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Debt rating cuts for Greece and Portugal sink global markets; Greek bonds now are branded junk

April 27, 2010 | 11:44 am

Two European sovereign-debt crises have turned out to be one too many for global financial markets.

Stocks plunged in Europe and are sharply lower on Wall Street on Tuesday after Standard & Poor’s slashed Greece’s credit rating to junk status and also cut Portugal’s rating two notches. S&P also kept a negative outlook on the two countries’ ratings -- meaning more downgrades are possible in the near term.

S&P’s double punch drove the average European blue-chip stock down 3.1%, the biggest drop since Nov. 26. Stocks plummeted 6% in Greece, 4.7% in Portugal, 4.2% in Spain and 2.7% in Germany.

The euro currency slid to a one-year low of $1.318 from $1.338 on Monday.

In U.S. trading, the Dow industrials were down 145 points, or 1.3%, to 11,058 at about 11:45 a.m. PDT. As usual in times of turmoil, some investors took refuge in U.S. Treasury debt: The 10-year T-note yield slid to 3.69% from 3.81% on Monday. [Updated at 1:10 p.m. PDT: The Dow closed down 213.04 points, or 1.9%, to 10,991.99, its biggest one-day drop since Feb. 4.]

Greekprotest Most world markets had held up relatively well in recent weeks despite Greece’s worsening fiscal mess, but that just may have given some investors a better excuse to cash out Tuesday. U.S. stock indexes on Friday had hit 19-month highs.

S&P hacked Greece’s long-term debt rating to BB-plus from BBB-plus, marking the first time that a country in the euro-zone has dropped to junk, or non-investment-grade, status.

While European officials continue to negotiate the terms of a bailout for Greece, S&P opted not to wait for the plan. The ratings firm cited “uncertainties” about the Greek government’s “political resolve to embrace a fiscal austerity program of many years’ duration” to bring down its crushing debt burden.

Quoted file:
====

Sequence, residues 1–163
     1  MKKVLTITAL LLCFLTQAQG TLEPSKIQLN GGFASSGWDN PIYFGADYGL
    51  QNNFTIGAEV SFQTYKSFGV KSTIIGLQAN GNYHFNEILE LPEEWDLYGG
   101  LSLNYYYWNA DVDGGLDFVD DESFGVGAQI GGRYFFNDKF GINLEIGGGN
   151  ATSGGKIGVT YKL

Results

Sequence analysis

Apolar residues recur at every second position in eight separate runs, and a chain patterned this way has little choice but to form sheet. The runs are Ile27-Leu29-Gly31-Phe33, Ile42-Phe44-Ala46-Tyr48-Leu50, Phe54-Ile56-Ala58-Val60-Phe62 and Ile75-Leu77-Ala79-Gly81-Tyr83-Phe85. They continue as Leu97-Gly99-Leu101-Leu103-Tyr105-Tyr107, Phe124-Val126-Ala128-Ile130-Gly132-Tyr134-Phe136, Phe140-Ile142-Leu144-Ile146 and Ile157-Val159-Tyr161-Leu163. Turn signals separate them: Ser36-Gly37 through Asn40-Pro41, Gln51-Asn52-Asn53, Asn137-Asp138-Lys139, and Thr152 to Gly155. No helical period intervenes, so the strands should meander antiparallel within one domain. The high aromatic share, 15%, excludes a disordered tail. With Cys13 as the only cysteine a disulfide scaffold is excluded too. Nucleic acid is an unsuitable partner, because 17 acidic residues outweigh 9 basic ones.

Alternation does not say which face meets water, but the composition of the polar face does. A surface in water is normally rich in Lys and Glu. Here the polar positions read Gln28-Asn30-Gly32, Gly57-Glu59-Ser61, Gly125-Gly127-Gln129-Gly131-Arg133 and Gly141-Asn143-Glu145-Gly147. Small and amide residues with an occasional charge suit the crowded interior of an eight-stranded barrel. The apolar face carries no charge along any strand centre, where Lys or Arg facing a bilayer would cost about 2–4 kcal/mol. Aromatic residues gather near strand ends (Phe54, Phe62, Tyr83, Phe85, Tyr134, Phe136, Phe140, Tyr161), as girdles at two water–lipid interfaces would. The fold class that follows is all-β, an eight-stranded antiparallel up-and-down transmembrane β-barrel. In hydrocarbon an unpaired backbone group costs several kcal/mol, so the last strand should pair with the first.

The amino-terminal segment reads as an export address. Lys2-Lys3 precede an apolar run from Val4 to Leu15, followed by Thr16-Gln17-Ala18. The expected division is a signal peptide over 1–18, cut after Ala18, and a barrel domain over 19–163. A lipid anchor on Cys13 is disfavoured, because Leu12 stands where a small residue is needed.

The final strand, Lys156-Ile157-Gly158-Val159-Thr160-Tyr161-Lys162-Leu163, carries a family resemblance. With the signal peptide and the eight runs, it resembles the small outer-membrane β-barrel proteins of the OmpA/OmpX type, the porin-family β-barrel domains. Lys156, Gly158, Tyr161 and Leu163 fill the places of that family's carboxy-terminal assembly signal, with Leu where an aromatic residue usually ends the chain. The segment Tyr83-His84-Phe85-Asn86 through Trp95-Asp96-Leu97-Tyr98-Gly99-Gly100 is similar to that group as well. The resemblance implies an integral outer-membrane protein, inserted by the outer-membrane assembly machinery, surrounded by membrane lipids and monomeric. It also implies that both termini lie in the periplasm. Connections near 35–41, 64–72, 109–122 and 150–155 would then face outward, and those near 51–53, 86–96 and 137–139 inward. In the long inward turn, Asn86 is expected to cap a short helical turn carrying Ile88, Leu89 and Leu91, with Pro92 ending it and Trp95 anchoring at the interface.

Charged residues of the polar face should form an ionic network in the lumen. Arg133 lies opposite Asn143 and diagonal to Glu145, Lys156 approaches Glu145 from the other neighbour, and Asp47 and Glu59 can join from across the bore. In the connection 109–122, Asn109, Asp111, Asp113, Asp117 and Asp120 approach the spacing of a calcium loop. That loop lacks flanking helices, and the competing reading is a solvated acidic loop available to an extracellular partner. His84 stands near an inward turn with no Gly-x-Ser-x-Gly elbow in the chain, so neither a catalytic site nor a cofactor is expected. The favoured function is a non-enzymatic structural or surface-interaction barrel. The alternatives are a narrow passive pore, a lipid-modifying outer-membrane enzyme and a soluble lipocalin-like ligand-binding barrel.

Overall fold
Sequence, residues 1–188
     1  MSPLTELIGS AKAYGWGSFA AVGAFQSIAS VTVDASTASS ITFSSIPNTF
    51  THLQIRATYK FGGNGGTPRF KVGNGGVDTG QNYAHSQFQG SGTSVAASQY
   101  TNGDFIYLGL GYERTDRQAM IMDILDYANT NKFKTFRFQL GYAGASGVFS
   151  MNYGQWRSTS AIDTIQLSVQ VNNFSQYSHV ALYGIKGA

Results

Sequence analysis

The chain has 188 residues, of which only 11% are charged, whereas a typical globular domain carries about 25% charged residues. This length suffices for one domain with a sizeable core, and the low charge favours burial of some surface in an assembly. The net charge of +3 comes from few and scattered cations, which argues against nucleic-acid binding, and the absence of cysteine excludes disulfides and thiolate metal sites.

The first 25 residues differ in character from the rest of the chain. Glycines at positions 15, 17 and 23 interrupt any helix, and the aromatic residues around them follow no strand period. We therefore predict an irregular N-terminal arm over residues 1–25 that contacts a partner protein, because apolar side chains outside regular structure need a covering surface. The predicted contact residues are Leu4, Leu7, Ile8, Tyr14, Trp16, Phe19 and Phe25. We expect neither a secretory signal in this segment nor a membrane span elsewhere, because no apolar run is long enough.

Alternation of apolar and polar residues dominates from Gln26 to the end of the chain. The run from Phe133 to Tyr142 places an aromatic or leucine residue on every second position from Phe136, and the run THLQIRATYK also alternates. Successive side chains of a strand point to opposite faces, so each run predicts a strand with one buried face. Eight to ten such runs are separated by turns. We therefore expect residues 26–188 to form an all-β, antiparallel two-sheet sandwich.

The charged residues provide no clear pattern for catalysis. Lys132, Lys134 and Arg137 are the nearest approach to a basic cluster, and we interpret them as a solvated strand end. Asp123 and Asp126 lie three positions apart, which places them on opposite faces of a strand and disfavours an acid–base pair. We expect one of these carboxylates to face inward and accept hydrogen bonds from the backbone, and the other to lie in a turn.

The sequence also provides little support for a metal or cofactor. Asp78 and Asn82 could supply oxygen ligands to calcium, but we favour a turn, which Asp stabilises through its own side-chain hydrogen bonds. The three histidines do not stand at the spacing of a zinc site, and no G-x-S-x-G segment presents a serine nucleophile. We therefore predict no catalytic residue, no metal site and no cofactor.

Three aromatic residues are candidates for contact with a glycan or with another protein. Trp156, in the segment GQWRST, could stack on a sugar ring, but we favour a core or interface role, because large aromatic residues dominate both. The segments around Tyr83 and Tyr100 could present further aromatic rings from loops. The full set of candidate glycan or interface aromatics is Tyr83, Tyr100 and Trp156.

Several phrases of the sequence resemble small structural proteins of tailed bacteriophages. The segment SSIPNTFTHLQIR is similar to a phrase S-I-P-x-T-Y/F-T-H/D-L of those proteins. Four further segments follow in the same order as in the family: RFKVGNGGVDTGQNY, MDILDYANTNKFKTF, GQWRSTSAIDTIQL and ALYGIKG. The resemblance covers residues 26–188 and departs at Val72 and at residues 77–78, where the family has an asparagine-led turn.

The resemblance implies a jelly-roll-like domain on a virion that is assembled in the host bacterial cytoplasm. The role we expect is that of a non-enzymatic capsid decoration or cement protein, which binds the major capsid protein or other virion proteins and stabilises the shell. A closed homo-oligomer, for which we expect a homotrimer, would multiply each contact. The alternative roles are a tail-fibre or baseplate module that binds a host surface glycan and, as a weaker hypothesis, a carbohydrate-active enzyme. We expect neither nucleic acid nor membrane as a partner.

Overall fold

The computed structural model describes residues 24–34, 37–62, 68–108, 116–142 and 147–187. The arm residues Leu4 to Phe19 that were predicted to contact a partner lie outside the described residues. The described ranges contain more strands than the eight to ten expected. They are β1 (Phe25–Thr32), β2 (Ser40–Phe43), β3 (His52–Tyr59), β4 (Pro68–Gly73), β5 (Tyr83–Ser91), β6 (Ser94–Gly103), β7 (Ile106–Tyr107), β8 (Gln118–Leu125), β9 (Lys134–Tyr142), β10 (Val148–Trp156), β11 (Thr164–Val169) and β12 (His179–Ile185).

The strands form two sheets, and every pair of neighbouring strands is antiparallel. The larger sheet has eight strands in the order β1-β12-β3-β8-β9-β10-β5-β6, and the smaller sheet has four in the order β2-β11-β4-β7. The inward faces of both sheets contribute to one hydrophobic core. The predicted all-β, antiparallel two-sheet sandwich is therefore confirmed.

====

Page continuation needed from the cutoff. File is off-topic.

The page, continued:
As for Portugal -- also struggling under heavy debt and facing poor economic growth prospects -- S&P lowered its rating to A-minus from A-plus, citing “amplified fiscal risks.” Portugal, which so far hasn’t requested help from the rest of Europe, “could struggle to stabilize its relatively high debt ratio” until 2013, S&P said.

The ratings firm’s moves triggered another blistering sell-off in the government bonds of Europe’s weakest economies. The yield on two-year Greek bonds rocketed to 15.35% from 13.16% on Monday and 6.1% two weeks ago, a sure sign that the market believes Greece ultimately will seek to restructure its debt by cutting interest or principal payments, or both.

S&P said that if Greece restructures its debt, current bond owners may recover just 30% to 50% of their principal amount.

Portugal’s two-year note yield soared to 4.91% from 3.99% on Monday. Yields also jumped on shorter-term Spanish, Italian and Irish government bonds.

Win Thin, a currency strategist at Brown Bros. Harriman & Co. in New York, said S&P’s decision to cut Greece to junk was a “very aggressive move, but the rating agencies are clearly trying to play catch-up after missing the boat” on the worsening European debt situation.

-- Tom Petruno

Photo: Unemployed Greek teachers demonstrating in Athens on Tuesday. Credit: Marita Pappa / Associated Press